Suppose a big project with GPL license has several developers, most of whom working on a few source files. Is it appropriate/possible that the copyright notice in each source file include only the names of those developers who have worked on that single file? In other words: who are the copyright holders of a single source file and when somebody is allowed to add his/her name to the copyright notice?
What is the creative work that the developers contributed to? Is every file an independent creative work for the purpose of copyright? Or does a software constituted from multiple files present a single and indivisible creative work?
In general, consensus seems to be that software copyright can be considered in a very fine grained manner, down to individual source code lines. However, the FSF also asserts that a larger software system in its entirety can be a derived work of all its components.
I do not think that those standpoints are contradictory, so that it is very well possible to track copyright holders on a file by file basis. Then, any contributor who makes a nontrivial change to a file holds partial copyright to that file, and would be allowed to add their copyright notice.
In practice, I think this is a fairly bad idea. It makes more sense to track contributors on a per-component basis.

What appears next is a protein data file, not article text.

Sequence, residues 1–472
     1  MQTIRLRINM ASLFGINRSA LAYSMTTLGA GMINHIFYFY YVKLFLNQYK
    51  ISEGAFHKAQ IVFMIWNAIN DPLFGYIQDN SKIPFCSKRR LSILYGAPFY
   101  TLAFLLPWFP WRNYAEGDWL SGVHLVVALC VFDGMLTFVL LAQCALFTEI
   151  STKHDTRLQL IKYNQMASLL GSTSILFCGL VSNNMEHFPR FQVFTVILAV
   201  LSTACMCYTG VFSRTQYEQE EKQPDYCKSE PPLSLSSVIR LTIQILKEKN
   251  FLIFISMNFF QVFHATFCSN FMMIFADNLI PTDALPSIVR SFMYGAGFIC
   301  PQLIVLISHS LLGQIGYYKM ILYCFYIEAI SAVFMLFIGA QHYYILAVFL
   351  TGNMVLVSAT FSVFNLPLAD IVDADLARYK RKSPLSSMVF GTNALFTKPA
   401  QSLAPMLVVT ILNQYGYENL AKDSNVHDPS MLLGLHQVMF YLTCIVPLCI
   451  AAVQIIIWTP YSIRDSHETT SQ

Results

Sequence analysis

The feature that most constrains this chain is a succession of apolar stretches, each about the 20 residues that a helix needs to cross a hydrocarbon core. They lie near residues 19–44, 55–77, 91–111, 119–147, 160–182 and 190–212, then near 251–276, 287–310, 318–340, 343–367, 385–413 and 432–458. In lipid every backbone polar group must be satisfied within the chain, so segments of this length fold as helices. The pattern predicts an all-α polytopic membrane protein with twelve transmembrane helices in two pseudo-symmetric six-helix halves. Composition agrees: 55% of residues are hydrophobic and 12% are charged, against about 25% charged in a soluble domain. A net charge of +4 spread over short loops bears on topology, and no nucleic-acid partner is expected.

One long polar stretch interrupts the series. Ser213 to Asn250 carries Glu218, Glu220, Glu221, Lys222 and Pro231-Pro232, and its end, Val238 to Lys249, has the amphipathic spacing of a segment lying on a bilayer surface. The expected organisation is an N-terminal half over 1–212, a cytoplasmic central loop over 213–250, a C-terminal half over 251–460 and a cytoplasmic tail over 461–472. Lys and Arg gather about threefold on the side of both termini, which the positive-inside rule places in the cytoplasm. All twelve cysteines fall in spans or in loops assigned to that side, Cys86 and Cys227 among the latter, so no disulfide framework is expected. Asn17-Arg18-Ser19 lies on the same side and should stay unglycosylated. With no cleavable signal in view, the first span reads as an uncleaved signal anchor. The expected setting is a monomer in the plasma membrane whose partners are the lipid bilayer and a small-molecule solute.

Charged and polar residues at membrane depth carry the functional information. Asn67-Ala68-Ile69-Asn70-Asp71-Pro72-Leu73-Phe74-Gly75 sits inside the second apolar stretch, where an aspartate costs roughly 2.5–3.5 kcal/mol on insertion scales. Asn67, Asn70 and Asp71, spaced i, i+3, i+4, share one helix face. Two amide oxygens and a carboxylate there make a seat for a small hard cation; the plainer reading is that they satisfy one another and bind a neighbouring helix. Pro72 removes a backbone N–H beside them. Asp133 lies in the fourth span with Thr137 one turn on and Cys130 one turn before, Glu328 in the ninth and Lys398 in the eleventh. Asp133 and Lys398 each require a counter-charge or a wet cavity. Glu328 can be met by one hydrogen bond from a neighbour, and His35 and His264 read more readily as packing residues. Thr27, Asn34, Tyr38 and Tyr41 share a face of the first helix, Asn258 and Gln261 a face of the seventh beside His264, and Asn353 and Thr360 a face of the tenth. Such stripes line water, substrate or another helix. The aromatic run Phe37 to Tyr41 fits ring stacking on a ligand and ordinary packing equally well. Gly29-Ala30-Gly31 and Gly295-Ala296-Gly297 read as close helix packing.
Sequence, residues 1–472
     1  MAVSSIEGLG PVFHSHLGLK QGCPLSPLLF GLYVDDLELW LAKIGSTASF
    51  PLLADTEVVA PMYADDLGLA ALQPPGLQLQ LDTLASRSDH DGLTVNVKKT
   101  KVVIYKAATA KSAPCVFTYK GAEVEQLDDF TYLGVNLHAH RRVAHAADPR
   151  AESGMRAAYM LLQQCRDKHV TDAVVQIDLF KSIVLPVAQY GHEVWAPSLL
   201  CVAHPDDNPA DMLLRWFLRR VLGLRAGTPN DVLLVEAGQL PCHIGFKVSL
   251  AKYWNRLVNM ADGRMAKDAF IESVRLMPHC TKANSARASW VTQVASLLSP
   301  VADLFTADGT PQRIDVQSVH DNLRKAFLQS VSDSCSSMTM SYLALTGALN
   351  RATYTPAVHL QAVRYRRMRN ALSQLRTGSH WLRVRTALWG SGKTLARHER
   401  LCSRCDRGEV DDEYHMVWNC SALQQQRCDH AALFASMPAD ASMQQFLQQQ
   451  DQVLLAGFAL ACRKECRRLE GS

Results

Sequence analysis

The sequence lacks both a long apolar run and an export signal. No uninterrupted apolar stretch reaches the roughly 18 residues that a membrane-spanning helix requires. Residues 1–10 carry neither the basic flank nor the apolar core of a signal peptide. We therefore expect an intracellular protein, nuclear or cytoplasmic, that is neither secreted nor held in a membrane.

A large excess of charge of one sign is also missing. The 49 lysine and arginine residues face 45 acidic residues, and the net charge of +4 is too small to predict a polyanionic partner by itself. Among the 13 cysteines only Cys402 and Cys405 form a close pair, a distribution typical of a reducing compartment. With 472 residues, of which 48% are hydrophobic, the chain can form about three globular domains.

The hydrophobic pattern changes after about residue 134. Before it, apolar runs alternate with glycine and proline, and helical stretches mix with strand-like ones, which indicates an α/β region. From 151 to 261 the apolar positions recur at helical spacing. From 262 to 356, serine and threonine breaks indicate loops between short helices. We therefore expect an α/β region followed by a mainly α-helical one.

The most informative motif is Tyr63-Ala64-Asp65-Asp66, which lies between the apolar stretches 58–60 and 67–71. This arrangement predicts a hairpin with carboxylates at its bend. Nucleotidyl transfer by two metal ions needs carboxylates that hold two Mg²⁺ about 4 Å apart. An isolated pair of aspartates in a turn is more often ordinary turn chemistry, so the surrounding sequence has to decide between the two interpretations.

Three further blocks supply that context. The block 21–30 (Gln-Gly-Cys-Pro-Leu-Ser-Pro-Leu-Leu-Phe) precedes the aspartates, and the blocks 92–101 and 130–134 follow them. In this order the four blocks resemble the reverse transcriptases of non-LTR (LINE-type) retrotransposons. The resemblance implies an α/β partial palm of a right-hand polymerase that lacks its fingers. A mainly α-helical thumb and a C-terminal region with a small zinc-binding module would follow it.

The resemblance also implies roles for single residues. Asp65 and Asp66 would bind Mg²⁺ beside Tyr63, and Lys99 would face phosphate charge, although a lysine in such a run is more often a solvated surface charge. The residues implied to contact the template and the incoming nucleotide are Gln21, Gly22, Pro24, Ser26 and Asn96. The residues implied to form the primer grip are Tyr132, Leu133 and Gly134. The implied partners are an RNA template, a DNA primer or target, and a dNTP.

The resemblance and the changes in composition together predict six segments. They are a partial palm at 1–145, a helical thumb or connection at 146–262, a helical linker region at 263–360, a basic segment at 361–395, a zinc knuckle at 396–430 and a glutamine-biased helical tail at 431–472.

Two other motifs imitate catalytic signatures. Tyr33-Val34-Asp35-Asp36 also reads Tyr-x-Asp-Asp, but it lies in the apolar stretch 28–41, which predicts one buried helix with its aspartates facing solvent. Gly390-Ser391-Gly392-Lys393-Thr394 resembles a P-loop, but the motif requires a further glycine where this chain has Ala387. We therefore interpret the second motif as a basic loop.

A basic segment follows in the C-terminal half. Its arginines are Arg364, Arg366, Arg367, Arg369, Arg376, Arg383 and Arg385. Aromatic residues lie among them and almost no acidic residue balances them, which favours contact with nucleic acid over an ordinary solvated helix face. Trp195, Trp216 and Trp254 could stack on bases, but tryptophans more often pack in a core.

Copyright notices do have legal relevance but they are in no way required for someone to be recognized as a copyright holder. Many copyright laws do encode the presumption that a person designated as the work's author is the copyright holder, which suggests
- that there should be an indication of the contributor's authorship somewhere
- that copyright notices should not designate some individuals as authors but not others
This can be resolved both by providing very complete per-file copyright notices, or by providing no per-file copyright notice at all (!).
It is difficult to tell whether smaller contributions amount to a copyrightable derived work. A project policy that every change counts will overstate the list of copyright holders. If the project has some policy that decides a cutoff point, that point is almost certainly wrong, and such a policy will attract politics and squabbling.
- therefore, correct per-file copyright notices are very difficult and require extra effort
Not every contribution is a copyrightable contribution. In particular: not every contribution is code. It seems unfair to attribute only copyright holders.
My personal preference is to add a pseudo-notice “© <year> the <project> contributors” to individual files, though that doesn't count as a copyright notice under U.S. law. The full list of contributors can then be listed in a central place, regardless of whether they are copyright holders. Per-file authorship information is more accurately tracked by version control.